An Ode to Hope in the Midst of Pandemonium / Carol Lynn Stevenson Grellas


poems by

Carol Lynn Stevenson Grellas

ISBN: 978-1-59948-699-4, 40 pages, $12

Release Date:  September 5, 2018


Carol Lynn Stevenson Grellas lives in the Sierra Foothills. She attended Santa Clara University, where she was an English major. She is an eight-time Pushcart nominee and a five-time Best of the Net nominee. She is the author of several collections of poetry including, Hasty Notes in No Particular Order and Things I Can’t Remember to Forget. In 2012 she won the Red Ochre Chapbook contest with her manuscript, Before I Go to Sleep. She is an Editor at The Orchards Poetry Journal and an active member in Sacramento’s Writers on the Air. She is also a member of Saratoga’s Author’s Hall of Fame and according to family lore, she is a direct descendant to Robert Louis Stevenson, or at least her mother said so…

Grellas laments, “there are never any angels when you need a sign,” but through lyrical language and haunting images, these poems provide comfort all their own. The persona reflects on losing her father through dementia – the forgetting of a life, language, history, and the pain we bestow on others – and then death, occupying a space in which she can’t imagine not grieving. But giving in to grief, Grellas reminds us, is a step towards healing. –Hayley Mitchell Haugen, Sheila-Na-Gig Editions


Carol Lynn writes with a compassionate, gentle and sophisticated hand. Her poetry is uniquely her own, instantly recognizable. This collection of poignant poems captures loving recollections of family. She explores life, death and that which happens between. –Corinne Bailey

When my Father Forgot the Days


There’s a haunting through the window’s
glass tonight, though my father’s never
called my name in need, I hear his voice,
though nearly freed, it stammers like an airless

candlelight. The lonely hours lost I’ve spent
with him, were proof of yesterday, now
vanished in a minute’s breath that’s held
within, unseen, his saddest song a silent

hymn when nothing’s all that’s left to say,
except I’m sorry every day his hope
was stolen from a bag of prayers.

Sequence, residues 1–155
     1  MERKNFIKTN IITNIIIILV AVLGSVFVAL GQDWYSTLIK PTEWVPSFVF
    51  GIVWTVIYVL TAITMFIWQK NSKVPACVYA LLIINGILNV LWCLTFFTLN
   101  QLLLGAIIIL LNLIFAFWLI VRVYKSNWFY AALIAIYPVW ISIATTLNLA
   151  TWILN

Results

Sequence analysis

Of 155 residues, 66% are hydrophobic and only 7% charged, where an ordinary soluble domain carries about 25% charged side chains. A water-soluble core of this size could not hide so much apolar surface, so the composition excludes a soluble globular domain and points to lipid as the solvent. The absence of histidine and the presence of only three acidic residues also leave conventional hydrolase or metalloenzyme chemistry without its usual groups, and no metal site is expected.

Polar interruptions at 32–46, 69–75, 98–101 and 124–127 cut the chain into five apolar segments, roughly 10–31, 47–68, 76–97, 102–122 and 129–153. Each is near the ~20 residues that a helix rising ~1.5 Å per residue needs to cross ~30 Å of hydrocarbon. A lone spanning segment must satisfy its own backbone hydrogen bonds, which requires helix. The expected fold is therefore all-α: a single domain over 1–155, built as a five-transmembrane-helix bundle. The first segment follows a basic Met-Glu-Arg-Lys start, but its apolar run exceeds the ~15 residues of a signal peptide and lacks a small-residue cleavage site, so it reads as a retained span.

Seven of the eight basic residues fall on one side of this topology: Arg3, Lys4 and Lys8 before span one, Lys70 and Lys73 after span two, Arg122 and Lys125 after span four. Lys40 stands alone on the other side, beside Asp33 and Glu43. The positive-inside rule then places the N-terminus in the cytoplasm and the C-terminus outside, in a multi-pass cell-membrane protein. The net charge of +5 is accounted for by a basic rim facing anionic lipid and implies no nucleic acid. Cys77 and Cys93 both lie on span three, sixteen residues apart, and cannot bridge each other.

There are never any angels when you need

a sign, a pair of wings or things landmarked
forever. And yet there is no way to answer
such a weeping in the dark. No holding
back your father’s heart from giving

into flight when heaven comes to thieve
him and disappears from sight.



Daily Laments



There are little lessons I teach
my father every day, as he forgets
with age all that I remember.

I have become his device for retrieving
information about all things television,
all things birthdays and all things

he called his life. Sometimes
I ask him to spell the word trouble
backward, as if there’s a consolation

prize for knowing vowels and consonants
in reverse order. His daily test for what
we might call a good day; when he knows

his way around trouble. But there are
days we agree what a difficult game
this can be, days when the letters get lost

somewhere between his childhood
mind and every year that followed.
‘Don’t worry’, I’ll say, ‘don’t let it trouble

you’, and then we laugh and decide
trouble is an annoying word anyway
and who cares how it’s spelled. Because

it’s easy to know when trouble
is brewing, when things are more
trouble than they’re worth,

when you’re asking for trouble
or keeping out of trouble
or even meeting trouble halfway─

and on those days, we just sit together
and I take out old photos and we go over
all the names of his kids and grandkids

and then the photos from when he was a kid
too and then he pulls out his old ball
and glove and says someday he’d like to pitch

for the Giants, stand on the mound
like he used to do back in the day,
because sometimes it’s only about catching

the ball and throwing strikes and memories
of being a boy again; how every game
is game seven, and on those days, I smile

and say, yes dad, that’s how you spell Trouble.


Little Untruths


When the doctor called with lab
results, she heard what she wanted
to hear, leaning left ear against

the hood of her cowl-neck sweater,
dodging the unfathomable; results
still pending a second test, deciding

it was best not to plan for early bad news.
This is just to say, the other day she saw
a crucifix hoisted up on the rear end

of a flatbed truck, as if Jesus had appeared
right there in the middle of highway 80,
and she felt guilty for every misdeed

ever done, because the sun was shining
just right. She thought the end had come
but it was only a silver beam tied

slantwise atop an oversize bar
which formed a makeshift cross along
the gravel highway, suggesting

everything has already been written
by a far mightier hand.

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